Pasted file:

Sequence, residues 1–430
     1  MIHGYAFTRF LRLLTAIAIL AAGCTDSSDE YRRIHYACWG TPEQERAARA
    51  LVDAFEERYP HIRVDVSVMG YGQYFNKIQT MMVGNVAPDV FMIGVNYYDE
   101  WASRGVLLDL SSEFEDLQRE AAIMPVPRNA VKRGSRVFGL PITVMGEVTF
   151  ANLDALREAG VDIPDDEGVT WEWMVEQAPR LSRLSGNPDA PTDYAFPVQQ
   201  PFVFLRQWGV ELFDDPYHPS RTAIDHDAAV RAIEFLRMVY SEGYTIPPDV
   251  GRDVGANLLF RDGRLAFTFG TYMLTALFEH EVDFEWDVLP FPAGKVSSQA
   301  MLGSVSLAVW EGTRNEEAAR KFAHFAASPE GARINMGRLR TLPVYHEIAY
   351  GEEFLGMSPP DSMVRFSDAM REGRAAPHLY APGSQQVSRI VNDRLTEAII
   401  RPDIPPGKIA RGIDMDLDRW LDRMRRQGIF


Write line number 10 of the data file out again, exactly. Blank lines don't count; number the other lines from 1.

   401  RPDIPPGKIA RGIDMDLDRW LDRMRRQGIF